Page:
But remember: No matter the reason why you’re wearing contacts, you should always have a prescription for them.
Single-vision contacts correct refractive errors such as nearsightedness, farsightedness, and astigmatism. They have a single “power” of vision correction built into the lens—in other words, they make your vision clearer in one specific way. This power appears in the sphere (SPH) column of your contact lens prescription as a positive or negative number of diopters, indicating the strength of your prescription.
Toric contact lenses help compensate for the unevenly curved corneas of eyes with astigmatism. They can also simultaneously correct for other refractive errors like nearsightedness and farsightedness. They’re called toric lenses because they’re shaped like a slice from a torus (a donut shape) rather than from a sphere.
Unlike most other contact lenses, toric lenses have a “correct” orientation on the surface of the eye, and shouldn’t rotate in other directions. They also have a cylindrical power component, measured in diopters, in addition to a spherical power component.
So, if you wear toric contacts, you’ll see numbers in the “SPH,” “CYL,” and “Axis” columns on your prescription. Toric lenses need this additional measurement because a cornea with astigmatism is not completely spherical—its uneven curve merits a slightly more complex prescription.
Multifocal contacts can correct vision at various distances using multiple zones within the same lens. These different zones have different powers of vision correction—and as a result, they can take some getting used to. Looking through one area of the lens might help you with near vision, while looking through another helps with distance vision.
Multifocal and bifocal contacts are often recommended for people who wear progressive glasses for presbyopia, or who have markedly different prescriptions for far and near vision.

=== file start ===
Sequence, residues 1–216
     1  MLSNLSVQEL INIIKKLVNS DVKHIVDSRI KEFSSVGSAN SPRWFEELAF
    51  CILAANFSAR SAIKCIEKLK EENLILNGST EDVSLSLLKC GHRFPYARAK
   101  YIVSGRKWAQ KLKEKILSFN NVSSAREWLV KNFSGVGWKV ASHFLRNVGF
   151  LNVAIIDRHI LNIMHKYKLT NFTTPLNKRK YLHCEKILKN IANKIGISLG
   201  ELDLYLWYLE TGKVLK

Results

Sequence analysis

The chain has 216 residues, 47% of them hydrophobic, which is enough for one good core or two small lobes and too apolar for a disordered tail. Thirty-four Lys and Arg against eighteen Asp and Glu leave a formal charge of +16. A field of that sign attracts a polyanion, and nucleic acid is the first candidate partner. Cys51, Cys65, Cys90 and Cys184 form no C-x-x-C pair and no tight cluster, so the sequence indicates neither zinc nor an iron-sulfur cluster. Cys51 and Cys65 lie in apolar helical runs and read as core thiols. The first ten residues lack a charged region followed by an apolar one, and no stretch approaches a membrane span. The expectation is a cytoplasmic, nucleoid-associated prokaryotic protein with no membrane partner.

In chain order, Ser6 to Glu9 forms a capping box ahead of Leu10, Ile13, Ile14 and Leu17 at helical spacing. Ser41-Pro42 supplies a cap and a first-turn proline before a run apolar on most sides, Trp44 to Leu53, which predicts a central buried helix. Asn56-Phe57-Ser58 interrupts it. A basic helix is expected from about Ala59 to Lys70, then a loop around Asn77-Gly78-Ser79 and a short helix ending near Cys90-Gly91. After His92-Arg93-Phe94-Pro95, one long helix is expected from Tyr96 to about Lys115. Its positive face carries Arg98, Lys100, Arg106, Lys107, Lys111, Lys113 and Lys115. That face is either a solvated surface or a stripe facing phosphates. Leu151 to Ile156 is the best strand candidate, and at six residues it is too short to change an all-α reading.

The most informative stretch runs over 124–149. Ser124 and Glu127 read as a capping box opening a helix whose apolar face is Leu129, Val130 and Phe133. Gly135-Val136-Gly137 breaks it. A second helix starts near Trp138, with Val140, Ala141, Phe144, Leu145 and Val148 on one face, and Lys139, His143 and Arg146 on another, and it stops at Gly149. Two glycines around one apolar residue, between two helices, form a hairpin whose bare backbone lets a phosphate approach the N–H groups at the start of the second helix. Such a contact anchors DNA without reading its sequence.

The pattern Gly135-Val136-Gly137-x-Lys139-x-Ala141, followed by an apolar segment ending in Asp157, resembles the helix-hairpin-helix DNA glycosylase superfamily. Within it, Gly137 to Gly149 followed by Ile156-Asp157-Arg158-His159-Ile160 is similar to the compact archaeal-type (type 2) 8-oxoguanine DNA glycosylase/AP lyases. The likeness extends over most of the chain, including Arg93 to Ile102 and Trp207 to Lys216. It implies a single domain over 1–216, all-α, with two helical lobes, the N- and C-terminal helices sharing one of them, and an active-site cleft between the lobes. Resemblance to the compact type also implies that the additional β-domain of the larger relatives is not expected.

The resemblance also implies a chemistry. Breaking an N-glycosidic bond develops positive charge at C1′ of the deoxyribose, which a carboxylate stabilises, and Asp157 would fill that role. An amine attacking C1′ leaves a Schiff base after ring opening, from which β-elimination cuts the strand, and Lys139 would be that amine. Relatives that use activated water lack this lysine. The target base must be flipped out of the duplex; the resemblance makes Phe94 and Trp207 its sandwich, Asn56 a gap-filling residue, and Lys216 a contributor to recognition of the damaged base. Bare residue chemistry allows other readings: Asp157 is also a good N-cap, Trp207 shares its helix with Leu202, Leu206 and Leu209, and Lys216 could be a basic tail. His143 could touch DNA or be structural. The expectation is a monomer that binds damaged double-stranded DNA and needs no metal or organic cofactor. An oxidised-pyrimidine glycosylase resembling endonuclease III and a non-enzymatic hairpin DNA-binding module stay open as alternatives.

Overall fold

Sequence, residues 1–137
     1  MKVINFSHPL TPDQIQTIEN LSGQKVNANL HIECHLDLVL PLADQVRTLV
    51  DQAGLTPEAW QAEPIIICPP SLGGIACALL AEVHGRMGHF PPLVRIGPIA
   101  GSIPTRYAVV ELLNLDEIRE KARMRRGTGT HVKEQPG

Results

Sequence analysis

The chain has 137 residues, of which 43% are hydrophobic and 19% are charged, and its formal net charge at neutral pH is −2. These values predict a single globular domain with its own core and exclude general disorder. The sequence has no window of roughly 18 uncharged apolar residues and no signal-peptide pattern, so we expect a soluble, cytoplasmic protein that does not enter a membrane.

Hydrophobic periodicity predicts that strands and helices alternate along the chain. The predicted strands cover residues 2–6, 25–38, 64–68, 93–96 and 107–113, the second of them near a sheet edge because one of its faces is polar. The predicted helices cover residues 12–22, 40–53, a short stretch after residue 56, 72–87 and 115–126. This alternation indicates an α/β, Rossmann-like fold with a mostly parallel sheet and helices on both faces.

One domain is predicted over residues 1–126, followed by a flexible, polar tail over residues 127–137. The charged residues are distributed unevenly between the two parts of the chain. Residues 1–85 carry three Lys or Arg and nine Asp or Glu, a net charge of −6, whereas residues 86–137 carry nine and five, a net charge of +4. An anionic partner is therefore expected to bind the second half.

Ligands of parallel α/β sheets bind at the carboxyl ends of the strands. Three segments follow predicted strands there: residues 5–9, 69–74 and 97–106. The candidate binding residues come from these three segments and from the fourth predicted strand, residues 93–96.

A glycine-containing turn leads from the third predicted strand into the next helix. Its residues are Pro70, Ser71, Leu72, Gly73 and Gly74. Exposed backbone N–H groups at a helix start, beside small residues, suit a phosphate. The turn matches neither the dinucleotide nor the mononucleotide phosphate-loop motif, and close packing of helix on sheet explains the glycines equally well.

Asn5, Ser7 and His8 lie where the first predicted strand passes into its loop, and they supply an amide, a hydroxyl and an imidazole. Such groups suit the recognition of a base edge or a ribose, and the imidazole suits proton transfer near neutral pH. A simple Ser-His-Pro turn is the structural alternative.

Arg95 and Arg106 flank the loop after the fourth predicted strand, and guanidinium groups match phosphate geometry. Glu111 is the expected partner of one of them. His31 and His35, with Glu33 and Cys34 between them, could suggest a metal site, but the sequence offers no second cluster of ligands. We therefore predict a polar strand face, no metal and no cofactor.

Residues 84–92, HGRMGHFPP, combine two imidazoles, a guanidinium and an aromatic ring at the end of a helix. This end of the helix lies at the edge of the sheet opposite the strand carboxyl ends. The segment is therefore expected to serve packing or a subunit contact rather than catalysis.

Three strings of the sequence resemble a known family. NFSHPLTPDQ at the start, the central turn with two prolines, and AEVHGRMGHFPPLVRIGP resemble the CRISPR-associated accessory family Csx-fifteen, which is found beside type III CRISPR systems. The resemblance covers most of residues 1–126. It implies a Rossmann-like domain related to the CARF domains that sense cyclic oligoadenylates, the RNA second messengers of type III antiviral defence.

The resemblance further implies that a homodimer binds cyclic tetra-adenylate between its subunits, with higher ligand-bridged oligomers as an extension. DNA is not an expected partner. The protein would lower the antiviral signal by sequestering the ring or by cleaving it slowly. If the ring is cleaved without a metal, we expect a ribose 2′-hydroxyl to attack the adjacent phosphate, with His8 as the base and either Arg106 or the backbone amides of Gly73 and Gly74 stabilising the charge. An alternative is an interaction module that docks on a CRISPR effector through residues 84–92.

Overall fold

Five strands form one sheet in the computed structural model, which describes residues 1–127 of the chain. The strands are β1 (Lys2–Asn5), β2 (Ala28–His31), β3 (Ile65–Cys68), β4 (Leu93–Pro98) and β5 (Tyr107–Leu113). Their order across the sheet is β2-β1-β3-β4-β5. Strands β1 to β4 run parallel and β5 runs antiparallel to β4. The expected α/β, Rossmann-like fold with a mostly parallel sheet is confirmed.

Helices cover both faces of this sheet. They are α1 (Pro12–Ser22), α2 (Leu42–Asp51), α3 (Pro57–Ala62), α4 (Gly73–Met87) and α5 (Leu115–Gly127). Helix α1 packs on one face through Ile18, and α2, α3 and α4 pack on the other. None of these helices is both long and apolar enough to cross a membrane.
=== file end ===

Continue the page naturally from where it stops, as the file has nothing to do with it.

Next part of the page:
Although many contact lenses are transparent and hard to notice, some are designed to enhance the eye with colors. These colored contacts can be subtle or bold, and they might correct your vision or just be for show. (Of course, they still require a prescription either way!)
For even more niche visual needs, you might need to try one of the types of contacts below.
- Monovision contacts: A set of two contacts worn to correct distance vision and presbyopia. With monovision contacts, you have a contact lens that corrects your near vision in one eye and a lens that corrects distance vision in the other. Your brain eventually adjusts to the lenses so that you look out of whichever one is needed for a given task.
- Orthokeratology (Ortho-K): A treatment that involves wearing rigid gas permeable contacts overnight while you sleep. Over time, the contacts gradually reshape your cornea to offset the effects of myopia. These benefits will go away once you stop wearing the lenses regularly.
To get a contact lens prescription, schedule an eye exam. A contact lens prescription is separate from a glasses prescription, and your eye doctor will need to perform a contact lens exam and fitting to see what type of contact will suit your eyes best.
Make sure to let your doctor know that you’re interested in wearing contact lenses when you book the exam.
Different contact lenses have different wear durations and replacement schedules. It’s crucial to know how long you can safely leave your contacts in your eyes, when to store them, and when to dispose of them.
No matter what, though, you’ll have to replace your contact lenses at some point—none of them are made to last forever.
Disposable contacts are contact lenses that you wear and then throw out according to their replacement schedule. Soft disposable contacts are available in daily, biweekly, and monthly varieties, and the cost of contact lenses varies depending on their type.